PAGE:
Tarragon is distinguished from other herbs by its very strong anise-like flavor. While it is a traditional component of bouquets garnis and Herbes de Provence, and flavors classic sauces such as béarnaise and gribiche, tarragon is increasingly being used in novel ways, in combination with fruits, such as strawberries, and pineapple for making preserves.

Tarragon is available throughout the year. Fresh tarragon is at its best in the summer. Choose a bunch of tarragon with leaves that are shiny green, not wilted or yellowing. French or sativa tarragon are the most aromatic, unlike Russian tarragon, which has a weak flavor and has little use in cooking. Unfortunately, the latter is the most commonly found in stores.

Tarragon leaves should be plucked before chopping.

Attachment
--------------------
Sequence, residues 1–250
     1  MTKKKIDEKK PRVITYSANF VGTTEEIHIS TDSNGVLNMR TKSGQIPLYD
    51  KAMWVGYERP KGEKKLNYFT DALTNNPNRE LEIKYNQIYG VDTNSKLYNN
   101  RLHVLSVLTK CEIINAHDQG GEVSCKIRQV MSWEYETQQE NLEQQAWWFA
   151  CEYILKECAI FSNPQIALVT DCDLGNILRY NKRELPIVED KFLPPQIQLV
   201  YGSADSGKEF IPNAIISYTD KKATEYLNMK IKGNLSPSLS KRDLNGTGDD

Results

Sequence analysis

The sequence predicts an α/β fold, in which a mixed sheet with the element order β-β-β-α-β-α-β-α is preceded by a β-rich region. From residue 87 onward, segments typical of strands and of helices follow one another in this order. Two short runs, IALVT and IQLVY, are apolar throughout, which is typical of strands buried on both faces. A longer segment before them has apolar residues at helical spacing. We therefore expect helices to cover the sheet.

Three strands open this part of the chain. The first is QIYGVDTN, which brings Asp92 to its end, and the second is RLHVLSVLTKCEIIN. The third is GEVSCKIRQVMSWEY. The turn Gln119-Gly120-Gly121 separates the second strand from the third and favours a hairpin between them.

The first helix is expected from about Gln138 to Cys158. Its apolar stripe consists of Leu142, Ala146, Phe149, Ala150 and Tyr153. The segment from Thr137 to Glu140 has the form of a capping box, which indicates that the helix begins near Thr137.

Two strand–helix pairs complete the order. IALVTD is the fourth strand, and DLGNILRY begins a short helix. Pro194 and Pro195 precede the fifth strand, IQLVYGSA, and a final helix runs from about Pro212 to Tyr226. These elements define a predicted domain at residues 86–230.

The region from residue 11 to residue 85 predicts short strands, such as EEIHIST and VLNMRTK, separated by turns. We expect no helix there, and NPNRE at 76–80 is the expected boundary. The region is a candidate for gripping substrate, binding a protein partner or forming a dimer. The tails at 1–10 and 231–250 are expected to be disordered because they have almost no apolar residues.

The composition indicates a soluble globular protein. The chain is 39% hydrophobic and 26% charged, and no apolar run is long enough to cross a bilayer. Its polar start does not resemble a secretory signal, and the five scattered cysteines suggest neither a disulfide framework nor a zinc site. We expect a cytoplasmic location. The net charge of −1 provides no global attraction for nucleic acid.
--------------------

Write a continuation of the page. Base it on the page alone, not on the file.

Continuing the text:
Tarragon can be used to flavor distilled (spirit) vinegars and sauces, and is particularly well suited to omelets, chicken, and fish.

Store fresh tarragon in a sealed plastic bag or wrapped in a damp cloth for several days in the vegetable crisper drawer of the refrigerator. If you want to freeze it, put the chopped tarragon into ice cube trays covered with a little water.

Tarragon is high in vitamin A, iron, and calcium. Per 100 g Protein: 22.77 Fat: 7.24 Carbohydrate: 50.22

French tarragon has a stronger scent and dark green leaves, while Russian tarragon has light, greenish gray leaves with a less pronounced and slightly bitter flavor.